In high school I was taught energy was conserved. Then I learned that nuclear reactions allow energy to be converted into mass. Then I also heard that apparently energy can spontaneously appear in quantum mechanics. So, are there any other caveats with the conservation of energy?
The topic of "Energy Conservation" really depends on the particular "theory", paradigm, that you're considering — and it can vary quite a lot.
The same principle can be applied to all other theories in Physics, from Thermodynamics and Statistical Mechanics all the way up to General Relativity and Quantum Field Theory (and Gauge Theories).
Thus, the lesson to learn is that Energy is only conserved if there's translational time symmetry in the problem.
Which brings us to General Relativity: in several interesting cases in GR, it's simply impossible to properly define a "time" direction! Technically speaking, this would imply a certain global property (called "global hyperbolicity") which not all 4-dimensional spacetimes have. So, in general, Energy is not conserved in GR.
As for quantum effects, Energy is conserved in Quantum Field Theory (which is a superset of Quantum Mechanics, so to speak): although it's true that there can be fluctuations, these are bounded by the "uncertainty principle", and do not affect the application of Nöther's Theorem in QFT.
So, the bottom line is that, even though energy is not conserved always, we can always understand what this non-conservation mean via Nöther's Theorem. ;-)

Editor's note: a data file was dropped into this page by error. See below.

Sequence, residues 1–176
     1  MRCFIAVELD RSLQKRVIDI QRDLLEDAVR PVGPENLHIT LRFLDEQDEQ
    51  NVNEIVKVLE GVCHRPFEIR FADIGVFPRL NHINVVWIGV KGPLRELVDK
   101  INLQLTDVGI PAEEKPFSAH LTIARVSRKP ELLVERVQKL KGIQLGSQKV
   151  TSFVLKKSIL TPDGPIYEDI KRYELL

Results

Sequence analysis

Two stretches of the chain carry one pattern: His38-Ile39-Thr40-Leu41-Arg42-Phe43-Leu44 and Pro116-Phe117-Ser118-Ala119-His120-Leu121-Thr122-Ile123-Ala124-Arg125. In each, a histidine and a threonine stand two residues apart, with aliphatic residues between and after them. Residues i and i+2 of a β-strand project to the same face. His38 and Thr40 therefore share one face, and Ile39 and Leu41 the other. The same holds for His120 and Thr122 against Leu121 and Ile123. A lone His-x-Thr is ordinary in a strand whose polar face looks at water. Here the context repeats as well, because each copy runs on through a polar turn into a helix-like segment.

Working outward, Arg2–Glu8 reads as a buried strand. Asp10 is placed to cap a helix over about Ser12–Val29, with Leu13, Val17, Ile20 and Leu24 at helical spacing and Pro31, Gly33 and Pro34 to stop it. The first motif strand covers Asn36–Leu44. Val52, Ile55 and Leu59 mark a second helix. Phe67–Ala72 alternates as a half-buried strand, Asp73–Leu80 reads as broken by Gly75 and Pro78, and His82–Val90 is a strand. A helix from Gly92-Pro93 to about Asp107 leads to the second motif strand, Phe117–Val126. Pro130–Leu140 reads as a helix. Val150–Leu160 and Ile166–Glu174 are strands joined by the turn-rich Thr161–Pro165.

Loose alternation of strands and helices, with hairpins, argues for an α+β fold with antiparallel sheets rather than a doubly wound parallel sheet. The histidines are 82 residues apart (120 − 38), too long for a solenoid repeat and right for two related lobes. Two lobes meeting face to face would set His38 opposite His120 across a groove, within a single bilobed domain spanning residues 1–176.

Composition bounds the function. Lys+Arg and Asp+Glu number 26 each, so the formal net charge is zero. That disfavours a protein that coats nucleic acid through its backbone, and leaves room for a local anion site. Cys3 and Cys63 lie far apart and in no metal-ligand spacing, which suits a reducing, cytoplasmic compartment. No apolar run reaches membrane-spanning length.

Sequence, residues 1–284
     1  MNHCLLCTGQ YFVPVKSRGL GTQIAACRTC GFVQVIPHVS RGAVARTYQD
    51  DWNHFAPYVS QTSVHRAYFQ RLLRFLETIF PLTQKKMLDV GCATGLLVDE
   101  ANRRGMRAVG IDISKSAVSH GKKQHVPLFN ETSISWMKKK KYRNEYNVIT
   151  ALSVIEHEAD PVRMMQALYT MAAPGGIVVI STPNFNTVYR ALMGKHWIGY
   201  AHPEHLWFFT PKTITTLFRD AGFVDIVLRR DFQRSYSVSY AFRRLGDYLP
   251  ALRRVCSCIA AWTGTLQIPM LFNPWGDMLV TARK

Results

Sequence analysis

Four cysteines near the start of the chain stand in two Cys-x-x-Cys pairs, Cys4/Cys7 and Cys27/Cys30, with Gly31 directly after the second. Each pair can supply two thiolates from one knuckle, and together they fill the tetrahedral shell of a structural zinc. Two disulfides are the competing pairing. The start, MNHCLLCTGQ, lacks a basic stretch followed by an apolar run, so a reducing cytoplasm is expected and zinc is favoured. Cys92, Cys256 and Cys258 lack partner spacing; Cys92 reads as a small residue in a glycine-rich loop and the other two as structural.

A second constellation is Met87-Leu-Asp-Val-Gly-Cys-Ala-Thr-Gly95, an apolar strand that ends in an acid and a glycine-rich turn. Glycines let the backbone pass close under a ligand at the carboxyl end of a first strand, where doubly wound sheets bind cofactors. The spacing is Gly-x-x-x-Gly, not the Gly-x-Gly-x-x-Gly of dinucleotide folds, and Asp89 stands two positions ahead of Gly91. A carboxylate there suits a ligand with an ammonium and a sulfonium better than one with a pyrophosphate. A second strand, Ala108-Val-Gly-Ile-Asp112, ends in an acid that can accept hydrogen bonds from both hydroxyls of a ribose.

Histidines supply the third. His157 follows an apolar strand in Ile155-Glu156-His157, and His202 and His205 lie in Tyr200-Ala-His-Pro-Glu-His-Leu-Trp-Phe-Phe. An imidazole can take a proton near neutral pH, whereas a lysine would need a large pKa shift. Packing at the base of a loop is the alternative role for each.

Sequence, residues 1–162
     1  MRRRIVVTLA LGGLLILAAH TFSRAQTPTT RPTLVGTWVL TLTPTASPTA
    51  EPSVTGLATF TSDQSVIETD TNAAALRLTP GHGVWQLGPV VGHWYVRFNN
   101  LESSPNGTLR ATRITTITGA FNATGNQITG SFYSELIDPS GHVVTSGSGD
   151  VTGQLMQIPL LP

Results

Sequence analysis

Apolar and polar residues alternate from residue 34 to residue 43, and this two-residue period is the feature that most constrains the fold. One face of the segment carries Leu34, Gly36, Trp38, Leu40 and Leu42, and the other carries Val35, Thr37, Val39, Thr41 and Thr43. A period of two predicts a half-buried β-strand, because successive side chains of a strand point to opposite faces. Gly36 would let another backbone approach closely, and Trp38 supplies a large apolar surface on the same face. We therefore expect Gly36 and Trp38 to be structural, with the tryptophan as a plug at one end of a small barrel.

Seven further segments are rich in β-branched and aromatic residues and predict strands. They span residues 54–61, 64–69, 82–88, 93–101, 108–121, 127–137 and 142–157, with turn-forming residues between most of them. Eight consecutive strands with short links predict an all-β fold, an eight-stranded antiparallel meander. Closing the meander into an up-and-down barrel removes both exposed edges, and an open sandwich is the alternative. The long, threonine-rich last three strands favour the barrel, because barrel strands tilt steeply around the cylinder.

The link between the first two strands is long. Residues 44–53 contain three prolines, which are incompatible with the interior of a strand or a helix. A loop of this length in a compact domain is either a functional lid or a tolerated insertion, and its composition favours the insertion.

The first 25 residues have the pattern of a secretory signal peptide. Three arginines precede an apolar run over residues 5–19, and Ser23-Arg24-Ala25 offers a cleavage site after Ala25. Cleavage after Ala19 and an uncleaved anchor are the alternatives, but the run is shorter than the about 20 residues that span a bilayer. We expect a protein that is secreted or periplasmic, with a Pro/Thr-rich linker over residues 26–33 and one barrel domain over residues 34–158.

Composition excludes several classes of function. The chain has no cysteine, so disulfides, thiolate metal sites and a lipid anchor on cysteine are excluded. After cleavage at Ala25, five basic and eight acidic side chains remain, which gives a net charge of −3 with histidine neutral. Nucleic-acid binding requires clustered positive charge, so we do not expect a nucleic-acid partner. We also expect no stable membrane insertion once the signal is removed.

That would be the opposite and in any case, mass is energy (and energy is mass), so converting one into the other does conserve energy.
For a very short time, given by Heisenberg uncertainty principle. And that's not a violation of the conservation of energy.
Why "other" ? There's not any problem with the conservation of energy.
Energy is always conserved without any caveat.
With the advent of special relativity, mass and energy are considered equivalent. In other words, they are represented by a vectorial quantity called energy-momentum vector. Before relativity there were separate laws which have been unified. It is a very fundamental law that is connected to some basic empirical properties of the universe, like the fact that the laws of physics do not change over time.
Energy cannot spontaneously appear in quantum mechanics -- however it cannot be precisely measured and this allows for energy fluctuations. The important difference is that although the total amount of energy can change, this is for very brief amount of time, after which the original quantity is restored. So the energy fluctuation can be considered virtual. You don't get energy out of nothing and energy is still conserved.
Usually, but not always, the Energy is a conserved quantity as the others answers have explained.
In the BB framework where space expands, or in the dual 'shrinking matter' (almost dual)(comoving framework), the ratio matter/space is not invariant and energy is not conserved, i.e. Nöther's Theorem does not apply. It is well known that photons loose energy as they propagate. I can not find an argument to explain why particles shoud not (as they are also matter waves) loose energy.
The other relevant point is that energy can be destroyed, canceled, annihilated, already proved by experiment as described here: real-live-antilaser, paper, and here a tentative discusion. Other example: what is the energy radiated by two dipoles centered in the same frequency and in phase opposition ? zero. The same happens with two photons in similar conditions.
The equations for the interference of parallel polarized light are :
see Kostya answer here and substituting Delta by Pi:
Another two situations that should make us think on energy conservation:
I can not remmember of any other situation where energy is not conserved. I'm not including Dark Energy possible issues (see CosmicVariance)
Those four exceptional cases should make us think about our concepts.